The actor Bryan Cranston, lately of Breaking Bad fame, gave me a nice plug in the April 27 issue of Time Magazine. Yes, that Time Magazine. It was the kind of promotion you really can’t buy, especially with a new book (The Year That Follows) coming out in a month. (For a list of confirmed appearances, click here.)
If you haven’t seen Breaking Bad, check out the first season, available now on DVD, then catch up on the second season on AMC. Cranston mentions me in Time; I mention him in my blog—hardly a fair quid pro quo. Let me be clear: I am absolutely sincere about Breaking Bad. Sometimes the thought really does count.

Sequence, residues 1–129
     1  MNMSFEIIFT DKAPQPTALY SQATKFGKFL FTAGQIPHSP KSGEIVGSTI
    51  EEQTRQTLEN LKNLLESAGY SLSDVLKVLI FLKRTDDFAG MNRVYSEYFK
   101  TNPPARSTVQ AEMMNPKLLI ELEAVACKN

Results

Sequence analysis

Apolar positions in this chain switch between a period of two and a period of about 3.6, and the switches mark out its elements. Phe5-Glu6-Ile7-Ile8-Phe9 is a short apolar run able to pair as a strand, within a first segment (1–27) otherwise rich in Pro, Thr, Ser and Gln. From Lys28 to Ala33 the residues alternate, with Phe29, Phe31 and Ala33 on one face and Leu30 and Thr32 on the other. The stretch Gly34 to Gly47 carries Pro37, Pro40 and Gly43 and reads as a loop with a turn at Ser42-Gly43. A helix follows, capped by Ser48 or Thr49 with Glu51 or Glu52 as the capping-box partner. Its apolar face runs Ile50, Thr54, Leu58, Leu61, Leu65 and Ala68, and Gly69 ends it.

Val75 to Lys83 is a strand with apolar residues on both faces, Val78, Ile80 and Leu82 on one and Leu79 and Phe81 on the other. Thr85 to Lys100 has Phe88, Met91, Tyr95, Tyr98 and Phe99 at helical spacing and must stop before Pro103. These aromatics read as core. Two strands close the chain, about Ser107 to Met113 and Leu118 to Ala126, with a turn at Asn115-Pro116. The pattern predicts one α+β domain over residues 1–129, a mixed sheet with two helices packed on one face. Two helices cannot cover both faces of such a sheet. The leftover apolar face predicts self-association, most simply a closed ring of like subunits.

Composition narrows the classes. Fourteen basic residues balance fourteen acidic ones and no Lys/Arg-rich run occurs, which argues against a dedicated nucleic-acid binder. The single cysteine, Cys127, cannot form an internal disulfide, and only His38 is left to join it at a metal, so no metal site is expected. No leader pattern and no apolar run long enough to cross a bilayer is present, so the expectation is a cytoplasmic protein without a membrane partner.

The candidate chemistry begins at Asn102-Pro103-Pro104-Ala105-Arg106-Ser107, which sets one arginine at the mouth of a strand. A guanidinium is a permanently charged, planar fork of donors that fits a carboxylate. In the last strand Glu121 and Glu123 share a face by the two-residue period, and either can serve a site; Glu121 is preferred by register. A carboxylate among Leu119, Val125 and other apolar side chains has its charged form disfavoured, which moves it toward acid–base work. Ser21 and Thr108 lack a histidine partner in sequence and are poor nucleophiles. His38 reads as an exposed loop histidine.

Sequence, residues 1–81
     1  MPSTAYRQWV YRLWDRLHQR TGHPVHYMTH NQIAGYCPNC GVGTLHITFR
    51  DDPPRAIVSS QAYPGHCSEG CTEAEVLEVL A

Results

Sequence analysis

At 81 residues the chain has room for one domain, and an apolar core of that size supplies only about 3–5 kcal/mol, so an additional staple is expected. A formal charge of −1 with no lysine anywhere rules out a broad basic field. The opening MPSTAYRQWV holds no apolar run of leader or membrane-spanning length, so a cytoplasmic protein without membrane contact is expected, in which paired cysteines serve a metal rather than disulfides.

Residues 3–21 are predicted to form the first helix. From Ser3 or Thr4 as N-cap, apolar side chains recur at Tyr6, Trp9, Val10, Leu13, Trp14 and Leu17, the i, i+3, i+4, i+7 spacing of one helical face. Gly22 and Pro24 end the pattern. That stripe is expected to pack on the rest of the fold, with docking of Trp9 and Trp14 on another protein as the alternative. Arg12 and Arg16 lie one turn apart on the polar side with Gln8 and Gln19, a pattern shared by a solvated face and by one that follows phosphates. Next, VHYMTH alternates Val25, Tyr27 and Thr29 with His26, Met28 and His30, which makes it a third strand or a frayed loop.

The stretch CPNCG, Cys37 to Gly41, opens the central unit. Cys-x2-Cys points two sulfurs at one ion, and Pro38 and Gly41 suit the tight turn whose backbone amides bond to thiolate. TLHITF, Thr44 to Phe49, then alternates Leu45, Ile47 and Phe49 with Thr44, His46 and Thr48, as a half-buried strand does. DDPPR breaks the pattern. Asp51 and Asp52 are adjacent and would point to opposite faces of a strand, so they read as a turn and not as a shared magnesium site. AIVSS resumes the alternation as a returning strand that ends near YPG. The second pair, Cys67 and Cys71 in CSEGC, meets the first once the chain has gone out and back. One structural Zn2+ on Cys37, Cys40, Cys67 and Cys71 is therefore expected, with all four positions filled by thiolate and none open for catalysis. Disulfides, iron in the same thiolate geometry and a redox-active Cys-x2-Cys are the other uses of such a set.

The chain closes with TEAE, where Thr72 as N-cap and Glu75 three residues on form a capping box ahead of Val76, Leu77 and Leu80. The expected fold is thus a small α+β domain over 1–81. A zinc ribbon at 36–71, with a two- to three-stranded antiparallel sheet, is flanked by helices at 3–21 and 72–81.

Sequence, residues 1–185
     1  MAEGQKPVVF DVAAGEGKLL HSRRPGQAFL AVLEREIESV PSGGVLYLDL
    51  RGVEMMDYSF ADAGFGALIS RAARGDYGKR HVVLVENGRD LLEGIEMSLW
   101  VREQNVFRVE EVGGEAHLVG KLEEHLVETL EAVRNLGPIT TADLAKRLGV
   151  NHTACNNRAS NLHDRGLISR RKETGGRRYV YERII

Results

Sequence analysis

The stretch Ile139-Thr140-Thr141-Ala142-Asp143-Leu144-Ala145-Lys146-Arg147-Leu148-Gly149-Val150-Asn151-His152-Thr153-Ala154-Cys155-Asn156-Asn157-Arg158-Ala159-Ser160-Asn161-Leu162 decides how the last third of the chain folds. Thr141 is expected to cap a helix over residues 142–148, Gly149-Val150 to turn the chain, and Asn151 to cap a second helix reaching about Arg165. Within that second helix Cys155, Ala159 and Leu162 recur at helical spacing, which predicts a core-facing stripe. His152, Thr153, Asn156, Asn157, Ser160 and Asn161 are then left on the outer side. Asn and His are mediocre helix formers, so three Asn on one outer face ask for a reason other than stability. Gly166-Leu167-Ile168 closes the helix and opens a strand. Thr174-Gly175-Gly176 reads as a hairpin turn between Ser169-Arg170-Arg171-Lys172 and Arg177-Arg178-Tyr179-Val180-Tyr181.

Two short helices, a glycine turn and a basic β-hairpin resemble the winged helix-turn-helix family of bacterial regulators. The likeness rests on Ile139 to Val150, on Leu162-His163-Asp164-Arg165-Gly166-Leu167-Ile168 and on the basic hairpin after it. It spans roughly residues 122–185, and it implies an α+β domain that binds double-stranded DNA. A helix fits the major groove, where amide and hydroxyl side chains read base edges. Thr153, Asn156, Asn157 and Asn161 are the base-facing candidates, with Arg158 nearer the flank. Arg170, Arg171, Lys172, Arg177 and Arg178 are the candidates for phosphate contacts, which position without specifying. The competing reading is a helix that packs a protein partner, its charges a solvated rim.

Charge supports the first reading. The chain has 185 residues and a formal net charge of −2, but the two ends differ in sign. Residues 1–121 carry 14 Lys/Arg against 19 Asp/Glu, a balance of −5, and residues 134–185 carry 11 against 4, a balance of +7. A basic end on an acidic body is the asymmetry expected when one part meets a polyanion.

Back to the subject of book promotion: we need more of it. Since the Time Magazine piece, I’ve been receiving emails via my website, and several people have stopped me on the street to say they saw it. A few of these I didn’t know. The internet has done some real harm to books—especially by destroying a number of independent book stores—but can also be used to get the word out. Take the site Goodreads. My local librarian turned me onto it. I spent fifteen minutes the other night adding books I thought others might like. (I refuse to trash a book publically; there’s plenty of great books to read, and I’m well aware of just how hard it is to write one.) My technique was simple: I sat on my couch with my laptop in, well, my lap, then looked around at my bookshelves and picked out books I felt worthy. Some you may know (Ethan Canin’s America America, for instance), while others, like my friend Derek Green’s New World Order, you probably don’t. America America is a rare book, a wonderfully realized novel of the personal side of public life. New World Order is a book of stories about Americans abroad. The first, for example, deals with a guy trying to sell Harleys to GI’s inside the Green Zone in Baghdad. Check it out. Only fiction can put you in that world, and, sadly, you’re probably only going to hear about it here.